The past is prologue: Political NIH interference edition

Jan 24 2017 Published by under NIH, NIH funding, Science Politics, Science Vault

From a prestigious general science journal:

"Important elements in both Senate and the House are showing increasing dissatisfaction over Congress's decade-long honeymoon with medical research....critics are dissatisfied...with the NIH's procedures for supervising the use of money by its research grantees....NIH officials..argued, rather, that the most productive method in financing research is to pick good people with good projects and let them carry out their work without encumbering them...its growth has been phenomenal....[NIH director}: nor do we believe that most scientific groups in the country have an asking and a selling price for their product which is research activity...we get a realistic appraisal of what they need to do the job..the supervisory function properly belongs to the universities and other institutions where the research takes place....closing remarks of the report are:...Congress has been overzealous in appropriating money for health research".

D.S. Greenberg, Medical Research Funds: NIH Path Through Congress Has Developed Troublesome Bumps, Science 13 Jul 1962, Vol. 137, Issue 3524, pp. 115-119
DOI: 10.1126/science.137.3524.115 [link]
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Previously posted.

9 responses so far

  • Geo says:

    The more things change, the more they remain the same.

  • Jmz4 says:

    I wonder if the administration has ideological commitments in this regard, or just a desire to make an impact of some sort. Can we offer up cuts to red tape as sufficient reform, or are scientist a target for this administration similar to the way they've put cross hairs on journalists.

  • JL says:

    Jmz4, To Trump, scientists are worst than journalists because we care about facts more than anything. What is saving us, for now, is that we are not as good as journalists at getting heard. If we really knew how to get the message out, he would have cut NIH's budget on day one.

  • Grumble says:

    "If we really knew how to get the message out, he would have cut NIH's budget on day one."

    There's talk of a scientists' march on Washington to protest Trump's silencing of climate change science (and potentially other forms). I wonder if this will backfire in a big way. If that vindictive SOB sees NIH-funded scientists marching en masse against him, what do you think his reaction would be?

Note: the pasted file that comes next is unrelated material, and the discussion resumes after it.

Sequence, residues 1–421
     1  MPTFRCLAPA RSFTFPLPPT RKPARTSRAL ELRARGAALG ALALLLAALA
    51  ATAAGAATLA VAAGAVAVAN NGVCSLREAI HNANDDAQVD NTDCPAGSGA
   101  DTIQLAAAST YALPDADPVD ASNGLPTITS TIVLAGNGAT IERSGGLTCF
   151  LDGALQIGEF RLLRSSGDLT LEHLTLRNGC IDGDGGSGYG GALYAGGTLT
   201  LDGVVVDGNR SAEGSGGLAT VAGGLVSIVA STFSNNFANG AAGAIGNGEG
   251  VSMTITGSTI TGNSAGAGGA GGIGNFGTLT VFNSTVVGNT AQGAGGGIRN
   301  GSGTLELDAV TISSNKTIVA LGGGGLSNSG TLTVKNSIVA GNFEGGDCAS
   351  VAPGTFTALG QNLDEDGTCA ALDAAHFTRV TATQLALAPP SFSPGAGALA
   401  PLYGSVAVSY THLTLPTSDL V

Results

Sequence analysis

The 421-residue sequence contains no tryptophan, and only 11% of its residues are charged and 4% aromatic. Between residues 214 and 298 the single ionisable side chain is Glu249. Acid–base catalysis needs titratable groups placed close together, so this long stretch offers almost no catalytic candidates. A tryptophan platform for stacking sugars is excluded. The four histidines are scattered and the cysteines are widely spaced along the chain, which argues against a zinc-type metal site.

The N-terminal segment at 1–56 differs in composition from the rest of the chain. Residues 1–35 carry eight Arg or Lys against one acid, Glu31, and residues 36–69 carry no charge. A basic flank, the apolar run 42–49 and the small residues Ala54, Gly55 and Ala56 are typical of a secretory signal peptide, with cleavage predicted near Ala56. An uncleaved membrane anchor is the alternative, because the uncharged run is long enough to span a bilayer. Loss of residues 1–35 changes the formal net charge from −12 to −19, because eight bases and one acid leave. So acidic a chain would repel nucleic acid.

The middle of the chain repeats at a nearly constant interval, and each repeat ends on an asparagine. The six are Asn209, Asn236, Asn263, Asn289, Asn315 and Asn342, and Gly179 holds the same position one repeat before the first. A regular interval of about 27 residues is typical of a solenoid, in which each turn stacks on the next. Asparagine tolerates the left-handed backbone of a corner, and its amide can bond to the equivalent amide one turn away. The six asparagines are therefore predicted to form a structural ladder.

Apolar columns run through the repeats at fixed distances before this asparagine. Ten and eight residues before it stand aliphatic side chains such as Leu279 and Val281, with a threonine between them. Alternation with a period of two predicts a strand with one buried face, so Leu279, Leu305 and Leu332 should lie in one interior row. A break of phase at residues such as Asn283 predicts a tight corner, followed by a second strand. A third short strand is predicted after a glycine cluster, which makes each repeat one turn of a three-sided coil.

• Grumble says:

    (By the way, the president doesn't have the authority to cut the NIH budget. He can, of course, try to get Congress to do it. So far he has been almost completely silent about the NIH - but he is so unpredictable that it's impossible to foresee where the NIH will stand in the budget he proposes to Congress.)

  • Emaderton3 says:

    @ Grumble

    But, he can insist science go in a certain direction. As I posted in the previous DM post, he has already told NSF that they will be funding grants based on "national" interests . . .

    What recourse does NIH, NSF, etc. have if they do not agree with the administration regarding a direction science will go and get funded?

    http://www.scientistsmarchonwashington.com/

  • Imager says:

    He kept the current NIH director at least for now. So, here is hoping...

  • AwK says:

    I'm with Grumble that this can backfire in a YUGE way.

    Their anti-science stand has been completely predictable and seems to be focused on traditional GOP issues, cuts to EPA, and soon probably atmospheric science, social sciences. And unfortunately a significant part of the electorate agrees with their perspective. On the other hand, the GOP has not been generally anti-science and they are likely to fund NIH/NSF (e.g. see New Gingrich & federal investments in nanotechnology).

    I'd like to first see a demonstration about tax fairness (on 4/15?), one person one vote for voting rights/redistricting, immigration/tolerance -- burning issues. The administration's war on facts may not imply a general anti-science agenda, we should wait and see.

  • drugmonkey says:

    the GOP has not been generally anti-science

    are you high?

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